“McCabe & Mrs. Miller” is a beautiful pipe dream of a movie — a fleeting, almost diaphanous vision of what frontier life might have been. The film, directed by Robert Altman, and starring Warren Beatty as a small-time gambler and Julie Christie as an ambitious madam in the turn-of-the-century Northwest, is so indirect in method that it throws one off base.
“Thieves Like Us” comes closer to the vision and sensibility of Faulkner’s novels than any of the movie adaptations of them do. Altman didn’t start from Faulkner, but he wound up there. If he did a Faulkner novel, he might not be able to achieve what people want him to. But “Thieves Like Us” is his Faulkner novel.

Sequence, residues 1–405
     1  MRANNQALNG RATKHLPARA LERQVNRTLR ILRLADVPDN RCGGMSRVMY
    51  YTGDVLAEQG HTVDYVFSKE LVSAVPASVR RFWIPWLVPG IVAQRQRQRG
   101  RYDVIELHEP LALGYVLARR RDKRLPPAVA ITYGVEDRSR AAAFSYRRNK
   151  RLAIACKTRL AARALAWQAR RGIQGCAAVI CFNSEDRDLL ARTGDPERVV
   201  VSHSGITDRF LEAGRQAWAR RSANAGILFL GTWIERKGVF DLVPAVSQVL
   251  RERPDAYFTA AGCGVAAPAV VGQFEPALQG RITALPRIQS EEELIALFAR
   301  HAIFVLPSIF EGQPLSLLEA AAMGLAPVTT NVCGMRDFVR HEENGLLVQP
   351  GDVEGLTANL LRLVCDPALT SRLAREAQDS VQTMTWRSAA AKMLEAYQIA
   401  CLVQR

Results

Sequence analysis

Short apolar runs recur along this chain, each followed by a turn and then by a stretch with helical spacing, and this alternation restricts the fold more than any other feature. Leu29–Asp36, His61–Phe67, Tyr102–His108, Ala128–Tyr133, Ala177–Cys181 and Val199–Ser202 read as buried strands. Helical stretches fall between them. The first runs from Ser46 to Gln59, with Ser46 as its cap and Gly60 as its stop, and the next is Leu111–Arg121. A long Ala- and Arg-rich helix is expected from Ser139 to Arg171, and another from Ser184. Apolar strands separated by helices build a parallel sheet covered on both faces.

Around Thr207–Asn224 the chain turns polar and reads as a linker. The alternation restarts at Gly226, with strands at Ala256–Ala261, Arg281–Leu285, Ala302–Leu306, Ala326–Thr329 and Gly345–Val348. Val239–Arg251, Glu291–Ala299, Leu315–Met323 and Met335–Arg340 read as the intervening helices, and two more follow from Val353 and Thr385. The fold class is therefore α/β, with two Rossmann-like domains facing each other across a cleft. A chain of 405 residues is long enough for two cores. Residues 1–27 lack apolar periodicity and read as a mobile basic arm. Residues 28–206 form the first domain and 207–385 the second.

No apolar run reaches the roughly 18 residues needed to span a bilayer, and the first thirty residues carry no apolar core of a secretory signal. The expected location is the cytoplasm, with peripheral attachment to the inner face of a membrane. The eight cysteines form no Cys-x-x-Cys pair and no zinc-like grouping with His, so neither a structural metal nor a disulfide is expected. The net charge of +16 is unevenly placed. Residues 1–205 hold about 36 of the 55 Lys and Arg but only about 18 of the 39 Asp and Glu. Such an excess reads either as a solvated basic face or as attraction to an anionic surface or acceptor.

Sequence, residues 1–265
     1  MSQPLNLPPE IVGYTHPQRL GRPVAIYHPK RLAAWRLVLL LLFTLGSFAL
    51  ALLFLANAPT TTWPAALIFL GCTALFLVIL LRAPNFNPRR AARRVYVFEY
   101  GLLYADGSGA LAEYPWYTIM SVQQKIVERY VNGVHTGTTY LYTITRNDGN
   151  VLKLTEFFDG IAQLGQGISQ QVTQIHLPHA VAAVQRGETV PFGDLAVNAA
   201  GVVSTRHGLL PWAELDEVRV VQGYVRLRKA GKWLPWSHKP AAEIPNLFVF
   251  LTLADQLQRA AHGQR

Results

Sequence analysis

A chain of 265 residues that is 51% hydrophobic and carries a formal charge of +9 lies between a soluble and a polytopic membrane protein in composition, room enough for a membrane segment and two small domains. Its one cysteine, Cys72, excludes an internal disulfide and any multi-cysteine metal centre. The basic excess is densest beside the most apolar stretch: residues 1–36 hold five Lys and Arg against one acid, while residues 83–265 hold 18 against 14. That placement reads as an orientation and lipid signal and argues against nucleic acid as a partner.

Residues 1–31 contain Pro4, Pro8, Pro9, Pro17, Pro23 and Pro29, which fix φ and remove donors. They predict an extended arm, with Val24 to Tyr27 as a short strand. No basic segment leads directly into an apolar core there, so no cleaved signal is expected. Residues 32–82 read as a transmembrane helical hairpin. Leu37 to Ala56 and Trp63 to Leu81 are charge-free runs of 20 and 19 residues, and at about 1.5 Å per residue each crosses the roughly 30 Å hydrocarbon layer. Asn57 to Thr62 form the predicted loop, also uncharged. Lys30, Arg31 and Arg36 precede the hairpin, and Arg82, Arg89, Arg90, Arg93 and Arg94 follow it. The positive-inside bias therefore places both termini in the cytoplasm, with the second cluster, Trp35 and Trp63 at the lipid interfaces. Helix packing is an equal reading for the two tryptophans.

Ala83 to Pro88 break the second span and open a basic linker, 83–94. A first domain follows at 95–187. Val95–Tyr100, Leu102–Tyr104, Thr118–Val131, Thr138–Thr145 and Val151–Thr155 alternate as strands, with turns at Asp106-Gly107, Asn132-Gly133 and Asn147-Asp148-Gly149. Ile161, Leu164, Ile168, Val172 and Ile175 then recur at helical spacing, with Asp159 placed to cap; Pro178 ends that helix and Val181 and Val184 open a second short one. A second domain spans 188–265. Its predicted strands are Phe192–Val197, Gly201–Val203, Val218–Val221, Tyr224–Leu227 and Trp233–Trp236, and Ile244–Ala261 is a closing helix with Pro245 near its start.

Sometimes the components of a picture seem miraculously right and you go to it expecting a magical interaction. That’s the case with Popeye. But it comes off a little like some of the Jacques Tati comedies, where you can see the intelligence and skill that went into the gags yet you don’t hear yourself laughing.